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insulated tiles don't insulate liquids


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i can't stabilize my liquid hydrogen production.

problem seems to be that the insulated tiles (insulation) don't really insulate when they touch liquids.

the following setup just evaporated a filled and cooled tank of liquid hydrogen

image.thumb.png.26418db969b85c1dc2a2cf1826f727f1.png

all insulated tiles touching liquids change temperature.

any advice is welcome

regards

McCriddle

P.S.: there are no tempshift plates in this setup

 

 

 

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Use metal tiles to contain the hydrogen, then surround the metal tiles with insulated tiles or vacuum. Metal tiles will stabilize at the correct temperature very fast, and insulated tile /solid tile heat transfer can be considered zero in most cases. 

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i know i could rebuild... and then insulate everything with vacuum chambers.

just wanted to check if the setup is wrong

so insulated tiles don't work for liquids, right?

changing temperature by almost 300° within ~50 cycles for insulated tiles made of insulation doesn't really help 

 

 

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When an insulated tile is touching gas on one side it will transfer heat much faster than normal. You can see it while containing magma: the tiles touching magma won't change temperature much if you leave vacuum in the chamber.. But if you leave gas inside, it will superheat and the tiles will heat up to magma levels. I haven't tinkered with insulation enough to know for sure if this mechanic applies to it, but since it has NOT ZERO thermal conductivity, and since I see steam above the tank, and you say it was full.. I guess it's what happened. If there was vacuum there, they would drift towards the temperature of the hydrogen.

As an experiment, try to cool down those tiles, running lead radiant pipes inside them.

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can't say anything about flaking...
 

26 minutes ago, 6Havok9 said:

When an insulated tile is touching gas on one side, it will transfer heat much faster than normal. You can see it while containing magma: the tiles touching magma won't change temperature if you leave vacuum in the chamber.. But if you leave gas inside, it will superheat and the tiles will heat up. I haven't tinkered with insulation enough to know for sure if this mechanic applies to it, but since I see oxygen (I suppose at room temperature) above the tank and you say it was full.. I guess it's what happened. If there was vacuum there, they would drift towards the temperature of the hydrogen.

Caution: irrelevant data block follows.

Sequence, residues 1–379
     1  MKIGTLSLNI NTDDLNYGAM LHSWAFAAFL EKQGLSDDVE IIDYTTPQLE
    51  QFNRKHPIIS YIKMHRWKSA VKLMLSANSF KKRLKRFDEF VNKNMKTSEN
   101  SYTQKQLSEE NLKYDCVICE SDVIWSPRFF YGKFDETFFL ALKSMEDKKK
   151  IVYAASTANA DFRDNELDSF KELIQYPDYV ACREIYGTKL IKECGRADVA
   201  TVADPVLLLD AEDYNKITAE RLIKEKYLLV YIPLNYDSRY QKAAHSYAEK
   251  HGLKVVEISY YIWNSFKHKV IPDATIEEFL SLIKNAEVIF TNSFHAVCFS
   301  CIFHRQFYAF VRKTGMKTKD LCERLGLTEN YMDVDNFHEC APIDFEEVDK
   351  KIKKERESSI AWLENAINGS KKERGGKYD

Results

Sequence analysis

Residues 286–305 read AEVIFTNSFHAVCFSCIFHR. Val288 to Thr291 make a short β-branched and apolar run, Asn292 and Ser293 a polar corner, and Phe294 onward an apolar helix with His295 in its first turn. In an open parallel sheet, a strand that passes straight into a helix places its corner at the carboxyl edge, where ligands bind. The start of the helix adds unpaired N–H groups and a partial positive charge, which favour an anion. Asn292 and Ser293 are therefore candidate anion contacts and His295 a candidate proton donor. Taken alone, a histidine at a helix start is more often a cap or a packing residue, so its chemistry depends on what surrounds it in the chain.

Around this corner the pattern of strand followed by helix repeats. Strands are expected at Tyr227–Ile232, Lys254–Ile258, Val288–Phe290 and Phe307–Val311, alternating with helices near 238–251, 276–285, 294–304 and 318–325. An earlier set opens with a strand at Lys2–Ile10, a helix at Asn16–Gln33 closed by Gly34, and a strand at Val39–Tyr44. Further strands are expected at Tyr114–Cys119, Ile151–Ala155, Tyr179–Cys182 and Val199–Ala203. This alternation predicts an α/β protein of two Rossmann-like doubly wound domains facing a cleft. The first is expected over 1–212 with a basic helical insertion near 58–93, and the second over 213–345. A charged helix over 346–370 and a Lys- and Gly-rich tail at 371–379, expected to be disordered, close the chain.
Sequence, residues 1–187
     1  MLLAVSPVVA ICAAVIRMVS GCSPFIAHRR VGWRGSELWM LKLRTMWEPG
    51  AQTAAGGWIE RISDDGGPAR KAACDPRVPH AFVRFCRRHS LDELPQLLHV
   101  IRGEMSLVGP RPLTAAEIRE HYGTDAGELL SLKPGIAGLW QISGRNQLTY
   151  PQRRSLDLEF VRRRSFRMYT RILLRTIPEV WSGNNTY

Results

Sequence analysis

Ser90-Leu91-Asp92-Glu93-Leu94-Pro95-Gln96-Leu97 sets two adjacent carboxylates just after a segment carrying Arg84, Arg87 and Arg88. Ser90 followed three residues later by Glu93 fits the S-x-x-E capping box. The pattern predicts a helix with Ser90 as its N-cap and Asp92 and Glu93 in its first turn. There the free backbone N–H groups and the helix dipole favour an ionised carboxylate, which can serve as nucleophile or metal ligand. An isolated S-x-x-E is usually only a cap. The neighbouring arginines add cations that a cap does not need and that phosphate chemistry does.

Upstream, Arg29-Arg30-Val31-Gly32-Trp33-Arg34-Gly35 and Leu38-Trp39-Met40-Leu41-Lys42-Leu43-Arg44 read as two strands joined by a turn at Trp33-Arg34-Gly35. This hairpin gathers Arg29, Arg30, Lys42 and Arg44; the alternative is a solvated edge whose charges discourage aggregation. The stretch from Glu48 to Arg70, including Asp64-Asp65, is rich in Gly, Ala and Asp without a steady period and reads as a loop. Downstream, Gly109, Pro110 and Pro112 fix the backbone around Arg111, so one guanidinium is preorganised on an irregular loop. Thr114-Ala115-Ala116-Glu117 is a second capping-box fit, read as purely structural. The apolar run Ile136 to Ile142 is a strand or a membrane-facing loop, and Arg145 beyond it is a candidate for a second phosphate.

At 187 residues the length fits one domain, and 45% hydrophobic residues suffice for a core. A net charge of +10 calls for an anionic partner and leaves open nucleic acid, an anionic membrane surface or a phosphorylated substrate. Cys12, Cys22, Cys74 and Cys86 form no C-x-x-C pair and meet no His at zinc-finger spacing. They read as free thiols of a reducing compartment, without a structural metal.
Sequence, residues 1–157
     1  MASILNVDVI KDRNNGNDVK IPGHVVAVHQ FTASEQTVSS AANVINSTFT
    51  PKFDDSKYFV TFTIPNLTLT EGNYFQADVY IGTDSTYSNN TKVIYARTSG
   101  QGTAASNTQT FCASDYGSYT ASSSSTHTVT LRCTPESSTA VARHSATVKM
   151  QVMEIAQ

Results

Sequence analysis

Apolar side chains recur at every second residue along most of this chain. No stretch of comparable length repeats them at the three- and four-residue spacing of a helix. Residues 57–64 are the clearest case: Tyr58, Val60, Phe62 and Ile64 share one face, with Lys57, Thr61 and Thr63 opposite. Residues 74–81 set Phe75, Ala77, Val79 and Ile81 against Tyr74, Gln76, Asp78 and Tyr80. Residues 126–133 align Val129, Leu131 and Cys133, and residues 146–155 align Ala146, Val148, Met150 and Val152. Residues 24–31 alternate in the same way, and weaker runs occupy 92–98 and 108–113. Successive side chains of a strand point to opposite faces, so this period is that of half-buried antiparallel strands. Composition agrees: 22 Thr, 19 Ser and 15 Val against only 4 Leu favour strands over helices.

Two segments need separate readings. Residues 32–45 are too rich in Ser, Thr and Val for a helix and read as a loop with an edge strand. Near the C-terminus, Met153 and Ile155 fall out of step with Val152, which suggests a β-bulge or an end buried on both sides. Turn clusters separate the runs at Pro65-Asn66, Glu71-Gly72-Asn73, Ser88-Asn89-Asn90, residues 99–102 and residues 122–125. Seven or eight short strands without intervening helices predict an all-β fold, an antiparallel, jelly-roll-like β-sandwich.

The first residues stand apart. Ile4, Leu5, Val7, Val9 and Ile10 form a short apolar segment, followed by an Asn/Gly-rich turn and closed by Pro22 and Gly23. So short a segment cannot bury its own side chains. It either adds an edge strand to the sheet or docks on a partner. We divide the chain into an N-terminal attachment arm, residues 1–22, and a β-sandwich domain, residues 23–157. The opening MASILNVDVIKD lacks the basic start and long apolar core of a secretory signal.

no room temperature... steam chamber above with isnulated tiles in between (those stay at 40°C since i buld them) and the two cooling chambers at -217°C/~-255°C right now ... with the oxygen chamber beeing at the same temperature as the cooling loop and the hydrogen chamber ~3-4°C above the loop and beeing instable.

and the whole setup surrounded by vacuum

 

the top insulated tiles between the two chambers which didn't touch any liquid but just the gases are still at 40°C as well



how does flaking occur in ONI?

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23 minutes ago, OxCD said:

Couldn't it be due to flaking ? As far as I recall, TC isn't involved into heat transfer mecanisms when this happened.

That's exactly what I was trying to say, but well, words :wilsondisapproving:  Though it's probably partial evaporation.

Insulated tile touches steam. And liquid hydrogen. Insulated tile heats up and, upon reaching a high enough temperature delta between tile and hydrogen, causes a bit of hydrogen to evaporate. You can see this when liquids touch hot abyssalite. Becomes a runaway process, unless you:

-remove the heat source touching those tiles or

-cool down those tiles or

-brute force it and overwhelm the partial evaporation until tiles drift towards a temperature that doesn't allow It to happen.

I wish I could write like a normal person. :-(

I noticed It was steam only after zooming in. Soz about that. Insulation has a TC so low that room temperature oxygen would probably not allow this thing to happen. But steam is continuously reheated, and at much higher temperature than 40°c. So some transfer should happen.

 

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hmmm... so sounds to me like the only reliable way to insulate is vacuum then, right?

if so: is there any advantage to use insulated tiles over normal tiles?

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7 minutes ago, McCriddle said:

how does flaking occur in ONI?

The wiki has a pretty good page on it:

https://oxygennotincluded.fandom.com/wiki/Flaking

The basic criteria are that

  • the liquid cell is above 5kg
  • the liquid cell is more than 3C below it's evaporation temperature
  • the solid cell is more than 3C above the liquid's evaporation temperature.

If those are met, heat will be drained form the solid cell to convert 5kg of the liquid into a gas.  Crucially this effect completely ignores thermal conductivity, and will even happen with insulated insulation (as you found the hard way). If you wait long enough, this will cool the insulated tile down enough until criteria 3 is no longer fulfilled.

Since there's no way to avoid it, the usual advice is to line the liquid chamber with low SHC metal tiles (gold), since they will much more quickly equilibrate and the flaking will stop. Then use insulation around metal tiles to isolate the chamber.